Look at you. You are 6 years old. Your head pressed against the car window humming “Shakira, Shakira, my hips don’t lie, Shakira, Shakira.” You’re looking at the countryside whizzing by. Are you comparing it to Ireland? Or, are you thinking of meeting your cousins? The excitement when the holiday was booked. Two weeks camping. Four families. The brochure promises fun for all. Swimming pools, minigolf, rodeo shows, trips to local beaches, shows for the kids every night.
Look at me taking a breather. You are 9 years old. I’m in a restaurant with my friends, and we turn our phones off with a collective sigh and raise our glasses to well-deserved break from family life. Meal over and it’s time to go home and we all turn our phones turned back on.
10 missed calls! Trembling fingers I dial Ciara.
‘What’s wrong, are you hurt?
‘No, I’m fine.’
‘Is somebody hurt?’
‘Then what’s wrong?’
‘There’s no pesto.’
‘There’s no pesto.’
‘What NO PESTO!’
‘Ciara, it’s midnight the shops are shut.’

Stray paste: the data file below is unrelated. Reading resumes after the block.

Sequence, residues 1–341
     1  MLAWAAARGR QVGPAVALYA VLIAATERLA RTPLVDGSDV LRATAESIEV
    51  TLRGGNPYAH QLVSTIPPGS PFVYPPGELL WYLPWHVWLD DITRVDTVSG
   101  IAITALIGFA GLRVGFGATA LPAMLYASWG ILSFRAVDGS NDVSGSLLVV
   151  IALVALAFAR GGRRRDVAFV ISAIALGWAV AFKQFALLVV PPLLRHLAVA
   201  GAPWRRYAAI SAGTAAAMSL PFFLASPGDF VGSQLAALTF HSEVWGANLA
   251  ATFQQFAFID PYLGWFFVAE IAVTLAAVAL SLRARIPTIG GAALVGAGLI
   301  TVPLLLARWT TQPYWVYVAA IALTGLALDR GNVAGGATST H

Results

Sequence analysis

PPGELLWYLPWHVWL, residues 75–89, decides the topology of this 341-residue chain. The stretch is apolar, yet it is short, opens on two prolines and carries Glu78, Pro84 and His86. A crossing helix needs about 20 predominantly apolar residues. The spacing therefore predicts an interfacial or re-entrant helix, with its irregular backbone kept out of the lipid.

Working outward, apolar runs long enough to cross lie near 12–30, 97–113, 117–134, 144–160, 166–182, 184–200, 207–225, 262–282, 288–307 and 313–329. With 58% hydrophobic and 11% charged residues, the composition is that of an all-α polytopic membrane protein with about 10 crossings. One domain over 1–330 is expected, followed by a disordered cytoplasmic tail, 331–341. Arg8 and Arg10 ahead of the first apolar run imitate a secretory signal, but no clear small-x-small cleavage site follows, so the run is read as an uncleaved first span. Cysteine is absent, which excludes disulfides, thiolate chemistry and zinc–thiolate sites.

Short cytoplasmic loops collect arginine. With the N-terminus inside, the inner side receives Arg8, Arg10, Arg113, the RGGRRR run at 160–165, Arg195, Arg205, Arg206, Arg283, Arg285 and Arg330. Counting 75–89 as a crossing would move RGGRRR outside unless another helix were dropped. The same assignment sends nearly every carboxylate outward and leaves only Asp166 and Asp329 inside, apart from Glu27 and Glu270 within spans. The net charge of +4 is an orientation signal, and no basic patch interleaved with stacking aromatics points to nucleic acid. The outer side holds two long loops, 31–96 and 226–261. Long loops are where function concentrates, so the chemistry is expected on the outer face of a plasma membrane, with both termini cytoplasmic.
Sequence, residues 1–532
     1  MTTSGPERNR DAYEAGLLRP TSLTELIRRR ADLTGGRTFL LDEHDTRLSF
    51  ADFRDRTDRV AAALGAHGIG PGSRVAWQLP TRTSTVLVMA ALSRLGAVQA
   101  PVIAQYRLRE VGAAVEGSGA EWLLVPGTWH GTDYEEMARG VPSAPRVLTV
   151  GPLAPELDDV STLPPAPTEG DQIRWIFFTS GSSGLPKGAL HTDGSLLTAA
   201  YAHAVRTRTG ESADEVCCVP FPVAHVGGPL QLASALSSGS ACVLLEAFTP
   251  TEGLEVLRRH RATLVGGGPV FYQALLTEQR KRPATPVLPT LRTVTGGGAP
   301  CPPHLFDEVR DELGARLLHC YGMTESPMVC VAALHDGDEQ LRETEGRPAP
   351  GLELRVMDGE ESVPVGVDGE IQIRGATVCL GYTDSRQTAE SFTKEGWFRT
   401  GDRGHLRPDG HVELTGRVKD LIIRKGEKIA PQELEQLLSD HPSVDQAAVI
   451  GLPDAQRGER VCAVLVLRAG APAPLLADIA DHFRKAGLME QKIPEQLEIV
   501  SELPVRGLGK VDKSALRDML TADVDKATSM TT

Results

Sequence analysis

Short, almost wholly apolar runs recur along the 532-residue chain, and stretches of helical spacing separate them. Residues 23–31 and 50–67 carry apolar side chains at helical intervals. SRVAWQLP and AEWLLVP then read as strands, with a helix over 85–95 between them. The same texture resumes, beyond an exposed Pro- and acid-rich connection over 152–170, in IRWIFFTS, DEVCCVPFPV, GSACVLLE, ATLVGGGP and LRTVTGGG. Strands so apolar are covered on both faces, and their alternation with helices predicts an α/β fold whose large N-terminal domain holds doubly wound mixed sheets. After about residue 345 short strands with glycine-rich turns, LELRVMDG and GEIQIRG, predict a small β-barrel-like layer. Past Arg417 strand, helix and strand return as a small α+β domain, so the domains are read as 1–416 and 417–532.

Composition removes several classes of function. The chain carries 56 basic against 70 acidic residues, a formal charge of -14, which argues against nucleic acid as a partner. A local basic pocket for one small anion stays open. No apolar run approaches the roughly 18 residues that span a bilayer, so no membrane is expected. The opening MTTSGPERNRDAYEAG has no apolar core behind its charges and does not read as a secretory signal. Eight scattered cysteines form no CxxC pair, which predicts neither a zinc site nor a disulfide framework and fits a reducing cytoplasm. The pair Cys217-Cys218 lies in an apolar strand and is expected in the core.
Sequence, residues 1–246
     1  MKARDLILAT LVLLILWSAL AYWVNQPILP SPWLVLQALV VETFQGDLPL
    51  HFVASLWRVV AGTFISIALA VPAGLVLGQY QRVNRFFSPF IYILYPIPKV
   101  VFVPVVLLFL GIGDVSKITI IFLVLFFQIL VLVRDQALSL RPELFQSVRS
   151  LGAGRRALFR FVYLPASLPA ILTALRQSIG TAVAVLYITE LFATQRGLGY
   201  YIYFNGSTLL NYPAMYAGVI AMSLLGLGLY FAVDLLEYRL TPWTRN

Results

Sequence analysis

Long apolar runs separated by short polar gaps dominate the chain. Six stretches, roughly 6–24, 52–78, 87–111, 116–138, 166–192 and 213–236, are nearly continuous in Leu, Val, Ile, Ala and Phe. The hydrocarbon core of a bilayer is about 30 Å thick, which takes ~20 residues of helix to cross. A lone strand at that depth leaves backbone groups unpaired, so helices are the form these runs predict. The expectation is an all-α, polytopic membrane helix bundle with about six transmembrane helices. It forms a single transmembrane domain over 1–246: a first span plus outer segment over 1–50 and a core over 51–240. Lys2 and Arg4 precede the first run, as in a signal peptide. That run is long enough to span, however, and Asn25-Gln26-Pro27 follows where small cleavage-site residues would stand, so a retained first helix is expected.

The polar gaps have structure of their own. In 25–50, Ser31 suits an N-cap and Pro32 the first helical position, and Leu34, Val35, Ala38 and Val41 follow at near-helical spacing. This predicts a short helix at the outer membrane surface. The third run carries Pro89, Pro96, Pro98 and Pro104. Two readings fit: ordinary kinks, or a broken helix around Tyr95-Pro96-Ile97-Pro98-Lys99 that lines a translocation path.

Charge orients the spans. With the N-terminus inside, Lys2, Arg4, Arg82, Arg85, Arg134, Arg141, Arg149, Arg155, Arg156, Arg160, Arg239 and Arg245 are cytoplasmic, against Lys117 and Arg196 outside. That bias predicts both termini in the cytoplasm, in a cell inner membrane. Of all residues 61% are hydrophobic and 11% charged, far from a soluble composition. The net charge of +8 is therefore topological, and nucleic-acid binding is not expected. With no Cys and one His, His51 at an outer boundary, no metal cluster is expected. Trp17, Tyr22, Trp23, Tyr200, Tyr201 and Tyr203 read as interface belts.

Small person. Small voice, ‘There’s no pesto.’
Look at you, aged 12. You are smiling for the camera with flower in your hair. Full of excitement, it’s the start of a new chapter in your life. Blue skirt, grey jumper, the Loretto emblem, your new school. Your dyslexia made school a challenge, but academics was only a minor part of your school day. It was the friendship that pulled you to school every day – a social butterfly. You walked into a classroom and anyone you sat beside and by the end of the class, you source out their whole life story. You cherished everyone you met. You embraced their differences, and not only had you the courage to stand up for yourself, but you had the courage to stand up for others. You accepted everyone and found something positive in everyone.
Look at us. You are 14. We’re in the car singing A Thousand Miles. You say that’s our song and we turn up the radio full volume.
Look at us. You are 16. We’re on the train. We’re going to Dublin for your appointment, but it’s not really about that, it’s about spending the day together, shopping, going to lunch, telling me those runners are really lovely, of course they suit me. No.no you’re not too old, and you mutter under your breath, sure I might let you wear them the odd time. And then you smile at me. How could I refuse?
You are 17. You are still. Look at us, Me, Dad, your brothers. Crying. Numb with shock. Disbelief. Cold. This happens to other people, not us, not me. The priest speaks. Your friends go up to the altar, one by one with tears in their throats, trying to be strong, to honour you, say what a beautiful, funny, and best friend they have lost. You were a best friend to each one of them. The church is full. Kodalines appearance was kept a secret. They all came for you, all united in grief.